Another team, also presenting about communication, created a newspaper. In a fairly meta way, they explained how communication affected the people at home. They even included an obituary section and acted out a discussion about the names of the deceased. They showed an understanding both of the content, and more importantly, the impact of the technologies they chose to examine on the American Civil War and on modern war in general.
We had less PBL success during Reconstruction
Our subsequent experience with Project Based Learning for the Reconstruction Era was not quite as successful. Why? We have a few hypotheses. For one, the students did not have as much scaffolding for this unit as they did for their Civil War studies. Without the framing context comparable to what they had for the Civil War PBL assignment, students had difficulty figuring out where to begin their research.
Students seemed to find the concept of the Civil War a little more straightforward than Reconstruction. At the very least, there is an agreed upon beginning and end for the War, whereas even the chronological parameters for the Reconstruction Era are debated. Next time we teach this unit, we plan to provide students with more general context for Reconstruction before they break off into subtopic groups for independent research.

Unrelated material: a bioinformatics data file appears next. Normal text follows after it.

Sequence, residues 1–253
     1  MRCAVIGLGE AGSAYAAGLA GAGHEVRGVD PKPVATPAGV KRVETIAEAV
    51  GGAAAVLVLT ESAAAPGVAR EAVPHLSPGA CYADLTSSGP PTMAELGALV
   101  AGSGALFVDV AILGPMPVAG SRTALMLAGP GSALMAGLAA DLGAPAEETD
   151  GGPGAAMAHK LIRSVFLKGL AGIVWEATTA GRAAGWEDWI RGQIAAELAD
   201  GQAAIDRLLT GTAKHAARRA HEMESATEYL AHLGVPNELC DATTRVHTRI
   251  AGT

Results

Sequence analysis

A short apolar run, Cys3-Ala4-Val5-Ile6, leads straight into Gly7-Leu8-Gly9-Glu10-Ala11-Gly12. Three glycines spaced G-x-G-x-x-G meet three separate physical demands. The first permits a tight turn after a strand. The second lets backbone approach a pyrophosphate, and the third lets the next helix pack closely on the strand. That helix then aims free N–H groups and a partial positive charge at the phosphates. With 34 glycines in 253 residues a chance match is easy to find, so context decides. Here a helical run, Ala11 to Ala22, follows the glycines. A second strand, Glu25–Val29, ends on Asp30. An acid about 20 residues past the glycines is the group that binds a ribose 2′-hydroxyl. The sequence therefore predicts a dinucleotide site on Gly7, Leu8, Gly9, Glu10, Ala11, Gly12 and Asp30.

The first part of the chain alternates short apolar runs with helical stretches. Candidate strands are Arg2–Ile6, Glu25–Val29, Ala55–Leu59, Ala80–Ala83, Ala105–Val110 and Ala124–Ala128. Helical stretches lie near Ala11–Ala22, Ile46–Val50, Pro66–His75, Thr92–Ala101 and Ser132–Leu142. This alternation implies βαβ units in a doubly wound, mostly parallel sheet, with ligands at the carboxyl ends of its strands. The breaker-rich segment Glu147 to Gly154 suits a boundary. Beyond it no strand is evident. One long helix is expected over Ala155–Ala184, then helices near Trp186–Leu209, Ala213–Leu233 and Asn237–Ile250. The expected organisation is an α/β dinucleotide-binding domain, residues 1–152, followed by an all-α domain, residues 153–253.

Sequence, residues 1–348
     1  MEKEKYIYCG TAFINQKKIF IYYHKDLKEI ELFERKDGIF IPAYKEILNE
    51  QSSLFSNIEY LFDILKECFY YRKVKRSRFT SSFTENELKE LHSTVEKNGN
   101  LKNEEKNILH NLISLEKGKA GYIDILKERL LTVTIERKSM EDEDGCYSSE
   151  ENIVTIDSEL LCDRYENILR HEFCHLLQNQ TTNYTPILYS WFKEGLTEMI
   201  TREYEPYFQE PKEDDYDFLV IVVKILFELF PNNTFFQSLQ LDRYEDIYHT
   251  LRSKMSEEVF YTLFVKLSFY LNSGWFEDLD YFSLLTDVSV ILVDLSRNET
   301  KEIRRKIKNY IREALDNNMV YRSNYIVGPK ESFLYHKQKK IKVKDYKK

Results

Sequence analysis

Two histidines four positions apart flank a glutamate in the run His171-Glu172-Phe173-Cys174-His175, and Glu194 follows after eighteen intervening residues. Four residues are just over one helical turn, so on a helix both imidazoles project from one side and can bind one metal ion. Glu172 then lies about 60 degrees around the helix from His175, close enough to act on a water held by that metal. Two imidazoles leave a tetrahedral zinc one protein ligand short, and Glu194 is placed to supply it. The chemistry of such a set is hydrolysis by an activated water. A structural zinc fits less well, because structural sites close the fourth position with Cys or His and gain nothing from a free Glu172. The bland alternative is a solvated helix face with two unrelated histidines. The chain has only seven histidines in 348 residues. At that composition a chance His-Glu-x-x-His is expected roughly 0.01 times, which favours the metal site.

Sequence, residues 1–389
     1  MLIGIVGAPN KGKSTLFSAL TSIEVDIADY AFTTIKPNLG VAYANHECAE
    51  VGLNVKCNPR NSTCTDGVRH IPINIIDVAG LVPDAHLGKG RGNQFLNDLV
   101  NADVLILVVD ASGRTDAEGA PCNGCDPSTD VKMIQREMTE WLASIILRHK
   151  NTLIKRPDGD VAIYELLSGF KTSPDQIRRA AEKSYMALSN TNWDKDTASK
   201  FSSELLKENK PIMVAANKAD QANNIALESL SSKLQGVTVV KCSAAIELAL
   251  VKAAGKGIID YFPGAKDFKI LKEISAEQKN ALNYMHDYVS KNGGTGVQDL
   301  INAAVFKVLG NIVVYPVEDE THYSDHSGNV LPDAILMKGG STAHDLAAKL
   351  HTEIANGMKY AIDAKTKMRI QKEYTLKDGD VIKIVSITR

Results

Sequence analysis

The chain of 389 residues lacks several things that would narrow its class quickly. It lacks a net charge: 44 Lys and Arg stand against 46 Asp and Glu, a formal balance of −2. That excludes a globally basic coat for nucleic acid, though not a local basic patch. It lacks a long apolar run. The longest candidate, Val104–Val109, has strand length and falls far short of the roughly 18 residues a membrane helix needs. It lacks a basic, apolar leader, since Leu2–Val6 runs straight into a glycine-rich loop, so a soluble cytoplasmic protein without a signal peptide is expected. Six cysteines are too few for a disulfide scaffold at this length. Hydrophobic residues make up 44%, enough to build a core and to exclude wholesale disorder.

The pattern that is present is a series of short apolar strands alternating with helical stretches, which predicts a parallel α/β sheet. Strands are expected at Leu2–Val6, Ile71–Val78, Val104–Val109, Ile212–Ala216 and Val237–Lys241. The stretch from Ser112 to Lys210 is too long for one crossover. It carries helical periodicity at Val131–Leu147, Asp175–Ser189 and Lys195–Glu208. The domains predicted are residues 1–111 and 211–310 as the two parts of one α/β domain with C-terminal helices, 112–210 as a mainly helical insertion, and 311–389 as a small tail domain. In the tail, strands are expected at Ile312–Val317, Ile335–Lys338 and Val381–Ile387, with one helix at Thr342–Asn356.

Project Learning pros and cons
There are some definite pros and cons when using PBL for history classes. We can see how this kind of approach might make some teachers, especially those who really feel like certain facts and events must be understood and mastered, go nuts.
The open-endedness of PBL, even with the inclusion of some project guidelines, requires the teacher to yield some control, and that is going to be a challenge for some of us who are more accustomed to holding the reins of facts and chronology pretty tightly.
Similarly, since PBL is most often done in teams, it is always possible for issues of work inequity to arise. (We have a system for equal sharing of responsibility in group work that we’ll talk about it in a future post.) However, the amazing creativity, and the spectrum of that creativity, that you see with PBL is definitely worth giving up some of the control. And the student investment in the material cannot be understated. Isn’t that what we want — for the students to really engage and care about this stuff? Another plus: Because of the nature of PBL (choice, student interests, teaming, etc.), differentiation and multiple modalities are built into its construct.
What we want in history class is to bring meaning and relevancy to these stories about things that happened long ago. PBL goes a long way to help with this: students are interested and driven to learn because of increased autonomy and the drive of inquiry. Students can make meaning from historical events– and even if it isn’t the meaning that we intended in the first place, it is no less powerful, and probably more enduring.
How about you? Have you tried PBL in your classroom? What’s worked? What’s been a challenge?